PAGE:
Loss of healthcare talent, Hong Kong recruits medical graduates from mainland China

Hong Kong recently launched a special registration program, allowing medical graduates from 50 non-local institutions to practice in Hong Kong. Fudan University has become the first institution in mainland China to have its Bachelor of Medicine and Bachelor of Surgery (MBBS), a six-year program recognized by Hong Kong.

The city’s medical registrar announced the list of 50 institutions in two batches, of which 27 were released in late April and 23 on June 8, including Fudan University. Most of the other universities are from English-speaking countries, such as the United States, United Kingdom, Canada, and Australia. Additionally, Singapore and South Africa each have a recognized school under the new program.

“The announcement of Batch Recognized Medical Qualifications by the Special Registration Committee (SRC) allows qualified non-locally trained physicians to come and serve in public health institutions in Hong Kong through special registration as soon as possible, with a view to to alleviate the current shortage of doctors in the public healthcare system,” Food and Health Secretary Sophia Chan Siu-chee said, according to an official statement released on June 8.

The amendment to the Medical Registration Ordinance 2021, which came into force at the end of October 2021, allows eligible doctors to eventually obtain full registration status in Hong Kong after meeting certain criteria.

It is expected that more mainland Chinese medical schools will be included in the SRC accreditation list in the future.

However, many in Hong Kong’s healthcare sector have questioned the huge difference between the Chinese and Hong Kong medical systems, as the gap in professionalism and skills, as well as the language barrier, will cause problems. .

Hong Kong’s medical system uses English as its working language, and most Hong Kong residents communicate in Cantonese, while the working language for mainland doctors is Mandarin.

Choi Kin, president of the Hong Kong Medical Association, also expressed concerns about the language barrier.

Hong Kong doctors and nurses document cases and write prescriptions in English. If their mainland colleagues speak Mandarin and write Simplified Chinese characters, it could turn out to be a chaotic situation, he said.

Kin believes the Hong Kong Hospital Authority has a responsibility to train mainland doctors until they can communicate comfortably with their colleagues and patients. When some people insisted that the language barrier wasn’t a big deal, Kin said, “Only time will tell.”

China’s COVID relief team shaky performance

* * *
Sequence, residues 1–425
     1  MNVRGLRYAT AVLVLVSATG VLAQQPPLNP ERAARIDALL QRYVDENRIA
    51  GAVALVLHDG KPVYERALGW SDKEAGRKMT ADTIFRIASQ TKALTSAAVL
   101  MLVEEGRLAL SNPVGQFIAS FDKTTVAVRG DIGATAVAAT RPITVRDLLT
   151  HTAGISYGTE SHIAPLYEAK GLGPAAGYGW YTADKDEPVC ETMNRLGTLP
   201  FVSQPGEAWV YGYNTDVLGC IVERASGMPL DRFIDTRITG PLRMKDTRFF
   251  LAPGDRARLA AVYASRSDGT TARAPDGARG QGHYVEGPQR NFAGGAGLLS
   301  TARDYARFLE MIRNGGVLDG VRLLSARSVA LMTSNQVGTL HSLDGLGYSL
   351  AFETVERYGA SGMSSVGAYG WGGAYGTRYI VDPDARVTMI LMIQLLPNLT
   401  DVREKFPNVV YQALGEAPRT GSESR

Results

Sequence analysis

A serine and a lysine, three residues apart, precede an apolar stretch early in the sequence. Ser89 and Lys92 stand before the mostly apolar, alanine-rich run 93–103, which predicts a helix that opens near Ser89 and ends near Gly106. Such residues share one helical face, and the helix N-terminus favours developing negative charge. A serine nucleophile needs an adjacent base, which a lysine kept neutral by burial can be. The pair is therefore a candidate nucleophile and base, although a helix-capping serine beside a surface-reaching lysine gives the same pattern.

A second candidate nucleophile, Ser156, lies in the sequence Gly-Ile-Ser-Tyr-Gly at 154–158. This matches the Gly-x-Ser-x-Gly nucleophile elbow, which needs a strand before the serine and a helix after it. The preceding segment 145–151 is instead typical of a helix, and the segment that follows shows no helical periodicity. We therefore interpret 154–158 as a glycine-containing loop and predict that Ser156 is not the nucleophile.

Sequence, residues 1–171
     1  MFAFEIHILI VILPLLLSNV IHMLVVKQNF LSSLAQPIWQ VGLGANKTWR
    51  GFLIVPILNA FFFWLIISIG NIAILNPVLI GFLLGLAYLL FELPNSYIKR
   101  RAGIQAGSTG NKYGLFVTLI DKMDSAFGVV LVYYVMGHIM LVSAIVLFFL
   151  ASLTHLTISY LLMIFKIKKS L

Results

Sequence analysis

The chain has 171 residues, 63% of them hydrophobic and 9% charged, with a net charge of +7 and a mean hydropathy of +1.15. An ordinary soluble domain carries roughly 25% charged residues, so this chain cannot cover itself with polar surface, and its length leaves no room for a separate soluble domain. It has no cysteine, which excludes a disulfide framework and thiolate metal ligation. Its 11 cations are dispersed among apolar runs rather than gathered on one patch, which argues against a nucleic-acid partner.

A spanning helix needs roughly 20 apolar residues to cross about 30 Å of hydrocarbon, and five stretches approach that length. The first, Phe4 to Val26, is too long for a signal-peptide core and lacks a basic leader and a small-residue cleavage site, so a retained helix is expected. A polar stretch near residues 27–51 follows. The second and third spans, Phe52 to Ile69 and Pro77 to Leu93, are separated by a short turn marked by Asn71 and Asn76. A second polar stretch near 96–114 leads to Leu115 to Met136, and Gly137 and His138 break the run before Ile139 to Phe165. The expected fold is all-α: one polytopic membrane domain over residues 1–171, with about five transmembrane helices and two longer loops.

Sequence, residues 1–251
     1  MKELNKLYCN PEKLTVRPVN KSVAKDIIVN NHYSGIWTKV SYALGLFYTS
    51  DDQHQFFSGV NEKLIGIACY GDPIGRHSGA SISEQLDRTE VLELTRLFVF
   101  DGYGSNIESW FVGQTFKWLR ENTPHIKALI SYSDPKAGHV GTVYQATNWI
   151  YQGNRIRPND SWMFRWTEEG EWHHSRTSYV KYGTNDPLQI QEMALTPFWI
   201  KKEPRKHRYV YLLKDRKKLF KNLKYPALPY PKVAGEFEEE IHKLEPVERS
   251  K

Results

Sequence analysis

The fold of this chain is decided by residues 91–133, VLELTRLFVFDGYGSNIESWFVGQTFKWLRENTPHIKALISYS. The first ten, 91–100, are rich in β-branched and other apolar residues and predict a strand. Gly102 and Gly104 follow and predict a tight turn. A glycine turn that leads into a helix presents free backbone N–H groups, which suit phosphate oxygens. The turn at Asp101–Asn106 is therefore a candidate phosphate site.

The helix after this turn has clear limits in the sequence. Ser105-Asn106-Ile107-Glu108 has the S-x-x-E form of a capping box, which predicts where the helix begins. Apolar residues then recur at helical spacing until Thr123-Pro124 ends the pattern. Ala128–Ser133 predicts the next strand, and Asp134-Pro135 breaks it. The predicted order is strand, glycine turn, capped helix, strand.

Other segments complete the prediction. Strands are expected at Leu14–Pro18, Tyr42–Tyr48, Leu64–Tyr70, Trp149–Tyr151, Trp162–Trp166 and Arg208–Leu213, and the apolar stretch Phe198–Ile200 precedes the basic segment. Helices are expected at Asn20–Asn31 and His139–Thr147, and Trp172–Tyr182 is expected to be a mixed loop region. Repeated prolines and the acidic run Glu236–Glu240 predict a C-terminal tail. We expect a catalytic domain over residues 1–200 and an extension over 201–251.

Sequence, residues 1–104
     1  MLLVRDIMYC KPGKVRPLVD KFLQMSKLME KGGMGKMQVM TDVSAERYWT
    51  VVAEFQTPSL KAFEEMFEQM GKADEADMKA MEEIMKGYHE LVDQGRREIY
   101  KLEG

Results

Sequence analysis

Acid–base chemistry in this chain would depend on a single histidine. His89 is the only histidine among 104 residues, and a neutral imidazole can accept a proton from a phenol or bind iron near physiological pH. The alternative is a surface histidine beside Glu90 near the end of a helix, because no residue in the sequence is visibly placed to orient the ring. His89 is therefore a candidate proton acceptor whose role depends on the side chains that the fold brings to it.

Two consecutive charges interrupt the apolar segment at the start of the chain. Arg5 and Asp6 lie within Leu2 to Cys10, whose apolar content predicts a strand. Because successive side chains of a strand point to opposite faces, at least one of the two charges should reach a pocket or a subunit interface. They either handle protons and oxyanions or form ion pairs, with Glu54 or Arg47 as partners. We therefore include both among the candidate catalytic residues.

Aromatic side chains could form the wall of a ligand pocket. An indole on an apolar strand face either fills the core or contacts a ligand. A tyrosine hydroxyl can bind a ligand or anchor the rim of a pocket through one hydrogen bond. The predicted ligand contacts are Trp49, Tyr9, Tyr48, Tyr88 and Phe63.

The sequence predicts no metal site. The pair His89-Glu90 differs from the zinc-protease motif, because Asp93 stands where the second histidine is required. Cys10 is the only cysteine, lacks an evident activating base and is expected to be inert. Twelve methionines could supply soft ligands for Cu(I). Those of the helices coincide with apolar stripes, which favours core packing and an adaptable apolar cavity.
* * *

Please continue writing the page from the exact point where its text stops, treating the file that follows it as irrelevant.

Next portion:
In fact, the mainland medical team that traveled to Hong Kong to support COVID treatment this year failed to effectively relieve the pressure from local medical staff due to the many cultural differences between China and Hong Kong. .

At the time, the Hong Kong Hospital Authority specifically changed the clinical management interface in a Chinese-dedicated treatment facility, including the drug list and workflow, to help medical staff in the continent that prefers information in Chinese. However, when a patient recovered and was discharged from hospital, medical staff in Hong Kong had to create an additional document in English and enter it into the hospital authority system, as revealed by the Dr Ling Siu Chi Tony, Chairman of Hong Kong Public Physicians. Association.

The Hospital Authority also advised medical staff in Hong Kong to “discuss” and “instruct” mainland staff who have come to provide support. Some doctors in Hong Kong’s public hospitals criticized the directive, saying that instead of relieving their pressure, the extra duties added to their burden and reduced their work efficiency.

Loss of healthcare talent

Amid the wave of emigration from Hong Kong, the city lost a large number of medical workers last year.

In response to a written question from the Legislative Council in April this year, the Hong Kong Food and Health Bureau confirmed that in 2021-2022, more than 3,300 health care workers in total left their employment, including 436 doctors, 2,240 nurses and 662 health workers. workers.

The document points out that the Hong Kong Hospital Authority will implement new measures to retain medical staff in 2022, with expenditures estimated at around 180 million yuan (about $22.93 million). Measures include postponing retirement, increasing opportunities for promotion and providing specialist nursing allowances to qualified registered nurses.

For mainland medical graduates, the large wage gap between Hong Kong and China makes Hong Kong a dream place to work.

Ms Peng, a doctor working at a public hospital in Shanghai, told Radio Free Asia she would certainly be willing to work in Hong Kong if given such an opportunity. “In addition to higher salaries, I can become a permanent resident of Hong Kong after 7 years, and my chances of emigrating to other countries are also greater than those from China,” Peng said.

According to the 2021 Chinese Hospital Salary Survey Report, the average salary of a Chinese level 4 doctor in 2020 was around $2,452 per month, while official data from Hong Kong shows that salaries local doctors are between $8,976 and $15,515 per month.


Jennifer Bateman is a China-focused journalist.

Comments are closed.